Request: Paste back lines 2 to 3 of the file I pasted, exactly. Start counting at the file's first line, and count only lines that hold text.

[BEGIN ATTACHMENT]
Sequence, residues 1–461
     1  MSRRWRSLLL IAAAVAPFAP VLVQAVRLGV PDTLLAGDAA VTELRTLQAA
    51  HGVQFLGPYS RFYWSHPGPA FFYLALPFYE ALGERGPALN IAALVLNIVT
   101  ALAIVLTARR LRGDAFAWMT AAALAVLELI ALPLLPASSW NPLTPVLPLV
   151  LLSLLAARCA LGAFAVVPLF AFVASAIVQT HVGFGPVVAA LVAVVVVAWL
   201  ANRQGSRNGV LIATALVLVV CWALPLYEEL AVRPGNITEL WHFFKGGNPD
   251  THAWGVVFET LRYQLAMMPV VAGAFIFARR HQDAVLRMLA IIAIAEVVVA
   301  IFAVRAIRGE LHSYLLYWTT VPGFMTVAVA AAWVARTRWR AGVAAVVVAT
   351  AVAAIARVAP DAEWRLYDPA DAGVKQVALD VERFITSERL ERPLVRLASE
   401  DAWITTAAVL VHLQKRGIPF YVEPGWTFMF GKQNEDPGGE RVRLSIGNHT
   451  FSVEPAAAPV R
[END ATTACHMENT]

     1  MSRRWRSLLL IAAAVAPFAP VLVQAVRLGV PDTLLAGDAA VTELRTLQAA
    51  HGVQFLGPYS RFYWSHPGPA FFYLALPFYE ALGERGPALN IAALVLNIVT